The Caspar, Wyoming Star Tribune has a report about a speech that Justice Scalia gave to students at the University of Wyoming law school. The article mentions the advice Justice Scalia gave the students about what courses they should take.
Specifically, Just Scalia said that they should take "bread and butter courses. Do not take, `law and women,' do not take `law and poverty,' do not take `law and anything."
Is this good advice? I suppose it depends on what he means by "bread and butter courses." To the extent that Justice Scalia is talking about taking classes that cover areas of law covered by the bar exam, I think the advice is misplaced. The various companies that offer bar review courses will teach one the basic areas of the law covered by the bar exam.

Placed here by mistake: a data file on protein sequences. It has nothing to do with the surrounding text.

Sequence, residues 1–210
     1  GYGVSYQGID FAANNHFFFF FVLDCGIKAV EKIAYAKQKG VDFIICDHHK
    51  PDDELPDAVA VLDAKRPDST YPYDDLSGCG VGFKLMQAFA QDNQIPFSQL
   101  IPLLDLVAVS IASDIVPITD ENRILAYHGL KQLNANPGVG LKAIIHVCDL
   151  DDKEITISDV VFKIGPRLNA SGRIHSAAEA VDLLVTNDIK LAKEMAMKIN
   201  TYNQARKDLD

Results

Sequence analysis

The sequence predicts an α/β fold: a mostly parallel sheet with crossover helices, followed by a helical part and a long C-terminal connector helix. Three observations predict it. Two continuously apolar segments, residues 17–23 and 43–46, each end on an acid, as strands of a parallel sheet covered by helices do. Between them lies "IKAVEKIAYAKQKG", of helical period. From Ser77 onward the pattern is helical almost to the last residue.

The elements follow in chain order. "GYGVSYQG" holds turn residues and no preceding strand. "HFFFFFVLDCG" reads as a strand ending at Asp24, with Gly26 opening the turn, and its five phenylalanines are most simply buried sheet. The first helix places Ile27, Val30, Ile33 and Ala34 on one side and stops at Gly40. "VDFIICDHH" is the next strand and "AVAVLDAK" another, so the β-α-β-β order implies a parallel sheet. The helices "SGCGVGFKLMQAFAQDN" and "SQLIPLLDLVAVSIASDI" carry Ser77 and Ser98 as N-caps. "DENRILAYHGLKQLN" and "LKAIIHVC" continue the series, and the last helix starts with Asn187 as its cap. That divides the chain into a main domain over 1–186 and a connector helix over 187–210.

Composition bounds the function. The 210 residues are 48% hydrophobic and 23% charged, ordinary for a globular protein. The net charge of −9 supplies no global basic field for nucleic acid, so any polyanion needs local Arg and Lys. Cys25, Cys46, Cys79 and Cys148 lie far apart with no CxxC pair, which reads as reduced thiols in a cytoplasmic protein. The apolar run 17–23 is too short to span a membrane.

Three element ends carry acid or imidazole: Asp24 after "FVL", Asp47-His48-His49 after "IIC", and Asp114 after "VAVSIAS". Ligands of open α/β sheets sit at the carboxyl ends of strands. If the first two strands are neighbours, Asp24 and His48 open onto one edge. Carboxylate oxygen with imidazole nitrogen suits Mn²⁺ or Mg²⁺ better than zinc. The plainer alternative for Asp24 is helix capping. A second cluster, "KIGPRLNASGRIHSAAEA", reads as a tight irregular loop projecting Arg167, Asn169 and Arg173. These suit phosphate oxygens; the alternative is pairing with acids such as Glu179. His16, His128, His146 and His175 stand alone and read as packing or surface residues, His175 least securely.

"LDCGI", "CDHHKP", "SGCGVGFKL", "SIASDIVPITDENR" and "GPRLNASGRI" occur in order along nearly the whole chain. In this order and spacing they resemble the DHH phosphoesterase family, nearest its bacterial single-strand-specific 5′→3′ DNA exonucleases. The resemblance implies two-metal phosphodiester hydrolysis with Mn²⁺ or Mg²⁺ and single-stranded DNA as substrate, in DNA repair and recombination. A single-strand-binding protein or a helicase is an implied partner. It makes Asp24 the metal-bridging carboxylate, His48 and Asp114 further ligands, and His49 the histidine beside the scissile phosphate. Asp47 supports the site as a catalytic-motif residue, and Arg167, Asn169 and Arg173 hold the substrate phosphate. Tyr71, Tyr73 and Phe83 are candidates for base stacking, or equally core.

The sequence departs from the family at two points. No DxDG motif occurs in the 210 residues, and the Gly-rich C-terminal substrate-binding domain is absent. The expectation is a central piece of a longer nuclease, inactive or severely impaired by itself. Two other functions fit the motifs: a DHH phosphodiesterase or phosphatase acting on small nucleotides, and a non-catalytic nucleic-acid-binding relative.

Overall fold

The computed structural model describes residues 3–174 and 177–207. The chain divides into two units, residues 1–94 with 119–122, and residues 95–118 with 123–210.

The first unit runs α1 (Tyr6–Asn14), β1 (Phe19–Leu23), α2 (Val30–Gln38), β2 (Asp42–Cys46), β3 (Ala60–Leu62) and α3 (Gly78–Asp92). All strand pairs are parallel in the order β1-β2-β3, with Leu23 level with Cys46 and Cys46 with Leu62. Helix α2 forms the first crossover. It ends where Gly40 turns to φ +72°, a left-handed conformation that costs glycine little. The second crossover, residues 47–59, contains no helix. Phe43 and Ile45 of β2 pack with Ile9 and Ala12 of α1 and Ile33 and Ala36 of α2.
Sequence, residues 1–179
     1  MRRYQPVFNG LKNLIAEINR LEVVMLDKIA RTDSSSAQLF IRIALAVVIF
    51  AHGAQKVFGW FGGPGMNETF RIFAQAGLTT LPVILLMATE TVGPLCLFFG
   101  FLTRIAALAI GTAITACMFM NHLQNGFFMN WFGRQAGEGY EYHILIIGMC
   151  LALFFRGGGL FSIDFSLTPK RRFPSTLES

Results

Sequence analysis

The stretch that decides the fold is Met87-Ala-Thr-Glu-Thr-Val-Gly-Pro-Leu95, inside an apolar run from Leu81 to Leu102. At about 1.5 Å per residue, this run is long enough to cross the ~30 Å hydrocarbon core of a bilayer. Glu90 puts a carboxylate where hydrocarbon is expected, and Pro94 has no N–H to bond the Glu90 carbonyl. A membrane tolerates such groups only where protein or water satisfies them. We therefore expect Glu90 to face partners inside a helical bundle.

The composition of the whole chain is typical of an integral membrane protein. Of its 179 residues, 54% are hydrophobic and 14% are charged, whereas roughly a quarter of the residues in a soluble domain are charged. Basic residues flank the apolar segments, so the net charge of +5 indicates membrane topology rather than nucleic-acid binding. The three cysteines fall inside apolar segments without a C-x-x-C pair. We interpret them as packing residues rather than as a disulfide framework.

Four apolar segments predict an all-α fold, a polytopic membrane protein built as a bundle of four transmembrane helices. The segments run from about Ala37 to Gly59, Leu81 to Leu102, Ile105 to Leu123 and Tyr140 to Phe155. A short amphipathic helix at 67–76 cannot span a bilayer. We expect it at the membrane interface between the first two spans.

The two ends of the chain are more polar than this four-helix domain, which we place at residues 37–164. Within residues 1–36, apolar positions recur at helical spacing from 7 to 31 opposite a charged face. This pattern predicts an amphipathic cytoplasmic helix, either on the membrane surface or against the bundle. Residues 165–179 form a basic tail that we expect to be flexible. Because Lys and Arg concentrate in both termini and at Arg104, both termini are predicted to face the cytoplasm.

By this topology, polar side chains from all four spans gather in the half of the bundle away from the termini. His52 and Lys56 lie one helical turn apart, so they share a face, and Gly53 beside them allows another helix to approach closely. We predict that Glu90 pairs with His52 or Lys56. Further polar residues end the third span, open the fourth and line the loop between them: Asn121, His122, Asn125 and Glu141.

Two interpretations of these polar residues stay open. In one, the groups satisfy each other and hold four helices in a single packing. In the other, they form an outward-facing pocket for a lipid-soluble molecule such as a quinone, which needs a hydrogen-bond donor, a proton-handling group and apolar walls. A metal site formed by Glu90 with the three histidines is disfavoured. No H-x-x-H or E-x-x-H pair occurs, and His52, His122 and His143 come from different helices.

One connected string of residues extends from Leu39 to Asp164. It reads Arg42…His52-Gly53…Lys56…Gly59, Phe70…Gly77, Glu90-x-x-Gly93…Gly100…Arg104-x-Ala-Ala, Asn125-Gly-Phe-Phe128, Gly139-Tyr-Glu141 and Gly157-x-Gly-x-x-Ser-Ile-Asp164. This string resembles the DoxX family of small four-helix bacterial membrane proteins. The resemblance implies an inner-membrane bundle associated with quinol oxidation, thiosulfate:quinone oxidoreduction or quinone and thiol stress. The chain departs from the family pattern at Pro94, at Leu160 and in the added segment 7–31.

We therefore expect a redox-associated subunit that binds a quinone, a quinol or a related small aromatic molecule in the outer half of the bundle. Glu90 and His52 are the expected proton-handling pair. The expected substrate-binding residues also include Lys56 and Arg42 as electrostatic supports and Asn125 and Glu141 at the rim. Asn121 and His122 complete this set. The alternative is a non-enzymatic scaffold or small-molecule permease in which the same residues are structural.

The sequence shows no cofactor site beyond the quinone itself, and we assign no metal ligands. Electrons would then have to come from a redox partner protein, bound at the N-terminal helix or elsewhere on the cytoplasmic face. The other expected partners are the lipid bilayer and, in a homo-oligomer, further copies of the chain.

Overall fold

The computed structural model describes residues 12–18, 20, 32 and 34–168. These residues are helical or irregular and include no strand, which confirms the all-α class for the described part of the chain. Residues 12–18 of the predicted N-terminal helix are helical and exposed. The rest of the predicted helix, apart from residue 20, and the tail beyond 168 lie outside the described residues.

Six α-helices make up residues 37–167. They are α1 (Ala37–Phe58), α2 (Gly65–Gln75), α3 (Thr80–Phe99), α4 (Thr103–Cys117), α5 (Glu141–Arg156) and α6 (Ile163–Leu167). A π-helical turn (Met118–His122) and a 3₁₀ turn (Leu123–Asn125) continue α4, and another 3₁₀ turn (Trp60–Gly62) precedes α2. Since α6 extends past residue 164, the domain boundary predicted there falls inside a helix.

My advice, which if nothing else comes from someone who has actually attended law school in the 21st Century, is that law student should take classes that they think might interest them. Law school is probably the last time most people will be in school. So, they should take topics that seem like interesting areas to study. If that means taking tax classes, then take tax classes. If it means taking law and poverty, then take law and poverty. Also, try to take a clinic or some other practical skills class so that you can get a sense of what being a lawyer is actually like.
Law school is stressful enough that one should not compound the stress by taking a class in which one has no interest. If that means not taking one of the bread and butter classes, so be it.
What about you, Mr. Torvik? Do you think law students follow Justice Scalia's advice about what classes they should take.